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Summer Solstice 2024

Navigating the Mental Health Crisis in Young Adults

Summer Solstice 2024 Friday, June 21, 2024. Learn More

January 8, 2021


What is Meditation? Simply put, meditation is an exercise used to help bring awareness and mindfulness into the present moment. Meditation practices have been used for thousands of years across cultures all over the world to facilitate clarity and observation of thoughts, emotions, sensations, and actions. In today’s mental health field, most evidence-based practices for treating mental illnesses utilize some form of meditation practice as a tool for strengthening one’s ability to be aware and present.

But what is it about the present moment? How does being aware help us in our daily lives?

When people hear the word “meditation”, they may conjure up the image of a peaceful, serene setting, a person sitting cross-legged, eyes closed, harmoniously still and one with their environment. In actuality, the practice of meditation is an opportunity to give attention to whatever we are experiencing in the moment. Sometimes what we are experiencing in the moment may, in fact, be quite disruptive or uncomfortable, overwhelming even. We are often running on “auto-pilot” if you will. We go about our days, avoiding the uncomfortable or painful things that may arise and remain unaware of our distress often until it is too overwhelming to ignore or deal with.

Meditation can be effectively used as a way for us to build tolerance toward all our experiences, regardless of whether they feel peaceful or not. It serves as a tool to help us de-clutter the messes of the moment, to notice our experiences as they are happening, and to invite us to take on an observer’s role so that we may better explore our options for dealing with the issues at hand. As we meditate, we build mindful awareness toward our thoughts, emotions, sensations, and actions without judgment or criticism. We simply notice what comes up as it arises and find ways to observe and describe our experiences based on our observation. From this observer’s role, we are then able to stay with the moment at hand and rationally formulate strategies for coping with the good, the bad, and the ugly.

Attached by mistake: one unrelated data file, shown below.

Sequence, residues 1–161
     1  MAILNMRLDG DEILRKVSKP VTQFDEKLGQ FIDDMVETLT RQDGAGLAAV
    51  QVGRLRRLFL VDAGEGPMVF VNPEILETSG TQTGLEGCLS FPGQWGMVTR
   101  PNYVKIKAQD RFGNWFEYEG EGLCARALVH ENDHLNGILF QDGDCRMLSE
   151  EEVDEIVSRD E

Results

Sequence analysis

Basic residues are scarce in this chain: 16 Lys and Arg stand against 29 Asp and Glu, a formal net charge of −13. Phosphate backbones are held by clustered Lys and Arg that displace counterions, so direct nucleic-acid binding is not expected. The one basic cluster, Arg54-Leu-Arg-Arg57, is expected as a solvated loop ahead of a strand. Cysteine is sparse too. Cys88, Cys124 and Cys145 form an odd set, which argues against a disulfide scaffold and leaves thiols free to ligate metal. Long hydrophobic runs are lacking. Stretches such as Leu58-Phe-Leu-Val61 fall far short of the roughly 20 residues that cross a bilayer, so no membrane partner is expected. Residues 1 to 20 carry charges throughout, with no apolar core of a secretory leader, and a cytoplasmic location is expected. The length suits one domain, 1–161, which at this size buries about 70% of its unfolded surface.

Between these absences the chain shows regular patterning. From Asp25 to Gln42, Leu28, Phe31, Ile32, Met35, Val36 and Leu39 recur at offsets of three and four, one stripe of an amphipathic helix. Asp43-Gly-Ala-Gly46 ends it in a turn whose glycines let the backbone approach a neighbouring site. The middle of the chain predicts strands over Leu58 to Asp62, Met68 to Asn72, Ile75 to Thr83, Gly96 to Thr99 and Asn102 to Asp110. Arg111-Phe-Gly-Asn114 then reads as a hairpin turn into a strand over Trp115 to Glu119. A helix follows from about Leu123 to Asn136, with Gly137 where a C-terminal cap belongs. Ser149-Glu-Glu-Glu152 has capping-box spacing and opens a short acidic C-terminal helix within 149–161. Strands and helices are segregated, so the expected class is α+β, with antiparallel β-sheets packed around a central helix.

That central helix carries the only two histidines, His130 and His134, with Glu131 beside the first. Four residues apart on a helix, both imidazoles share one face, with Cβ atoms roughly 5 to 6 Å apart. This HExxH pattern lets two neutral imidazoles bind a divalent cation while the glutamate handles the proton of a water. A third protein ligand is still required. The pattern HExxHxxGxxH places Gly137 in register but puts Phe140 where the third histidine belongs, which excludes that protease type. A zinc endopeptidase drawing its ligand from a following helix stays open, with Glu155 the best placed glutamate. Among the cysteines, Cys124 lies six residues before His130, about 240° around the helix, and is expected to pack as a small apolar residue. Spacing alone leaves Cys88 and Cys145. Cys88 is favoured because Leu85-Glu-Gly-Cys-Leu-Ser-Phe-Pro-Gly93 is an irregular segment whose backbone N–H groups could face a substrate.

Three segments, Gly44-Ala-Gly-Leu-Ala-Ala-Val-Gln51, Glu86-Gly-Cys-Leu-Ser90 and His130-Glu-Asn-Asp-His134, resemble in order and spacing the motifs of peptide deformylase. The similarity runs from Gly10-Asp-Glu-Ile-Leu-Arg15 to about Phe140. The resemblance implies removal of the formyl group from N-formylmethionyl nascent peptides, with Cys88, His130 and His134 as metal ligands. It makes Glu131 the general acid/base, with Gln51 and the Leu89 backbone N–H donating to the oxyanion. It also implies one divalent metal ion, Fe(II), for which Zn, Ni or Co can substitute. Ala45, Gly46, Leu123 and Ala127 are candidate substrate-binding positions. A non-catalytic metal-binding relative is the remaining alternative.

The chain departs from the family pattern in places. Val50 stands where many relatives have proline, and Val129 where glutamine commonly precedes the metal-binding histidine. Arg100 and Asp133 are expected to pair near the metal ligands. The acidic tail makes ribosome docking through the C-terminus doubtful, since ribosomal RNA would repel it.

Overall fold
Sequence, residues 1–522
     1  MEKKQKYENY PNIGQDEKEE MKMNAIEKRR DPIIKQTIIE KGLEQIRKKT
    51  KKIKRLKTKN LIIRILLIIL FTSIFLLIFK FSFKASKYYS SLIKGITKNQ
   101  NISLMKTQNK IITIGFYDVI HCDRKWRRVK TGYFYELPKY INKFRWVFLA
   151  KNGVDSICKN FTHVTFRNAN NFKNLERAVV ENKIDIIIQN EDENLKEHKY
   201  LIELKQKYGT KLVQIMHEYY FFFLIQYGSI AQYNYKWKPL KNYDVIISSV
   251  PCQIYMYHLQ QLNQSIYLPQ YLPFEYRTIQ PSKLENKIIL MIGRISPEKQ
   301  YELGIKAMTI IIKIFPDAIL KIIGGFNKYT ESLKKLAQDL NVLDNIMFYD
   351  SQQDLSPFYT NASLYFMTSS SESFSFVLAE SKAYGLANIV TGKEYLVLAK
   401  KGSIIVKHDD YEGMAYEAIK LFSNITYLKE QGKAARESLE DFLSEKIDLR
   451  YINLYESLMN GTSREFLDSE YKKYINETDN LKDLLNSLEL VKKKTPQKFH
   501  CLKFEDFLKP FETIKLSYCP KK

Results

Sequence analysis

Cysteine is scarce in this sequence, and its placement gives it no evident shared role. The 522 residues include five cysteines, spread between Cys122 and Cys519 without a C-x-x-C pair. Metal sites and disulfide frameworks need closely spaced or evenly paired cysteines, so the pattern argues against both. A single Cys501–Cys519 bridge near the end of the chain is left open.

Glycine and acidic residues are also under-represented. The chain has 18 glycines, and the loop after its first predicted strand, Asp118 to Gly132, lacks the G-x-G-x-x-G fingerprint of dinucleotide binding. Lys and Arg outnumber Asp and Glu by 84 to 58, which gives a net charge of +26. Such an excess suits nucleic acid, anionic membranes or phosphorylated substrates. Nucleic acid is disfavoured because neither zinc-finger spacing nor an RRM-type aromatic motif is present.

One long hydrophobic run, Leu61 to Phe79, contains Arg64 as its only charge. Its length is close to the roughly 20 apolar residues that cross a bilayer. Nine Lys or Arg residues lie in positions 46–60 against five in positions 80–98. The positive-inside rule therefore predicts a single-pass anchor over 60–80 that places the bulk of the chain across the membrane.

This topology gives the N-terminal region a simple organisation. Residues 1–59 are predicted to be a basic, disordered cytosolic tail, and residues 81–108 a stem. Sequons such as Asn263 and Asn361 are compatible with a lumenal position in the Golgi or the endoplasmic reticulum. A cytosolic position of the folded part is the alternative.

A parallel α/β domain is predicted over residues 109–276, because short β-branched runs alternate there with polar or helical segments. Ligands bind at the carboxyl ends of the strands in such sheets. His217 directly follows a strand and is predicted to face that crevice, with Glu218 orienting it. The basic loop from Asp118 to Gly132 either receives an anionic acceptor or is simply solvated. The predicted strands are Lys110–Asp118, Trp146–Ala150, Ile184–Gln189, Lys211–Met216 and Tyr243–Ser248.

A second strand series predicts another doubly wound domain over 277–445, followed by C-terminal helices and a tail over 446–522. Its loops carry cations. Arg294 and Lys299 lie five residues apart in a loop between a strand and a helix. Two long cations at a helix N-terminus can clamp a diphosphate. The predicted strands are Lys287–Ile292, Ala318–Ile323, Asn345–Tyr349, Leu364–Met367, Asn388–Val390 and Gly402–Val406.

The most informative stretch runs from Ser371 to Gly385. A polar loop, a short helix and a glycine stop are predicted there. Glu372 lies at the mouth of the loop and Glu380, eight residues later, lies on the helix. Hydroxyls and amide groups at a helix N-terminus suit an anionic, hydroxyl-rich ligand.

As we begin to build awareness to the present moment, we may also invoke a sense of spaciousness. This spaciousness gives us room to explore what is going on as we are experiencing it and uncover options for managing the moment. Often, when we become overwhelmed by our experiences, we are not only experiencing the moment at hand, but we are also drumming up unresolved issues from the past or concerning ourselves over future matters that have not occurred yet. Meditation allows us to parse out what is within our control for the moment and what we can let go of for the time being. It enables us to take notice of how our brains and bodies respond to both our internal and external stimuli. It connects us to our sensory channels of information so that we may provide ourselves with the comfort we need when we start to feel overwhelmed. Meditation does not always feel comfortable, harmonious, or peaceful. Instead, it instructs us on how to stay with the moment, even when the moment is threatening to overwhelm us. Meditation opens the doorway to our options for navigating in those moments.

At Hopewell, meditation is a practice that is woven into many aspects of our programming. In clinical groups, residents have an opportunity to be educated on and begin developing their own meditative practices. In our nature groups and eco-therapy, the environment is used as a powerful metaphor for our experiences and in observing nature, we equip our residents with tools to understand the power of awareness. In our equine therapy groups and engagement with the animals on the farm, mindfulness is a necessary component for remaining alert to the animal’s needs, teaching us how to utilize our five senses for observation. Yoga and exercise opportunities help residents learn to regulate and utilize the breath and how to build tolerance for temporary discomfort. In our art therapy and music groups, mindful engagement is paramount to the creative process. We are always looking for new ways to explore meditation here on the farm!

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